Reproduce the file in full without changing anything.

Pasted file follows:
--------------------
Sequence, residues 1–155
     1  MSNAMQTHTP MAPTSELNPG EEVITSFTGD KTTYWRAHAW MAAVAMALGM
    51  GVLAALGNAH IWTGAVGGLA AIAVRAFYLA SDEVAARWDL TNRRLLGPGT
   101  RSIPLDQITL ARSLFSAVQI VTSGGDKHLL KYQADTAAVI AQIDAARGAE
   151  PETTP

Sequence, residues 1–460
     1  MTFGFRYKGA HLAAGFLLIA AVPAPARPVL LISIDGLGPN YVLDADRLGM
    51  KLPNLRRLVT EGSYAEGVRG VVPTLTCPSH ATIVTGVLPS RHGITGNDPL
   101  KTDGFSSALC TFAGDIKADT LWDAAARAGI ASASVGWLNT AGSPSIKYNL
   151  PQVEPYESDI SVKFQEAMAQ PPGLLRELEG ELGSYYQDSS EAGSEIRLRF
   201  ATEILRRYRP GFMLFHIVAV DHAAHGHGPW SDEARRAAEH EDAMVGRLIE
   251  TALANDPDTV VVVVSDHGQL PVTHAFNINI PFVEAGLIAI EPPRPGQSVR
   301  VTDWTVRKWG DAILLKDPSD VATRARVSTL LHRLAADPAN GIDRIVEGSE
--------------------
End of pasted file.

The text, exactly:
Sequence, residues 1–155
     1  MSNAMQTHTP MAPTSELNPG EEVITSFTGD KTTYWRAHAW MAAVAMALGM
    51  GVLAALGNAH IWTGAVGGLA AIAVRAFYLA SDEVAARWDL TNRRLLGPGT
   101  RSIPLDQITL ARSLFSAVQI VTSGGDKHLL KYQADTAAVI AQIDAARGAE
   151  PETTP

Sequence, residues 1–460
     1  MTFGFRYKGA HLAAGFLLIA AVPAPARPVL LISIDGLGPN YVLDADRLGM
    51  KLPNLRRLVT EGSYAEGVRG VVPTLTCPSH ATIVTGVLPS RHGITGNDPL
   101  KTDGFSSALC TFAGDIKADT LWDAAARAGI ASASVGWLNT AGSPSIKYNL
   151  PQVEPYESDI SVKFQEAMAQ PPGLLRELEG ELGSYYQDSS EAGSEIRLRF
   201  ATEILRRYRP GFMLFHIVAV DHAAHGHGPW SDEARRAAEH EDAMVGRLIE
   251  TALANDPDTV VVVVSDHGQL PVTHAFNINI PFVEAGLIAI EPPRPGQSVR
   301  VTDWTVRKWG DAILLKDPSD VATRARVSTL LHRLAADPAN GIDRIVEGSE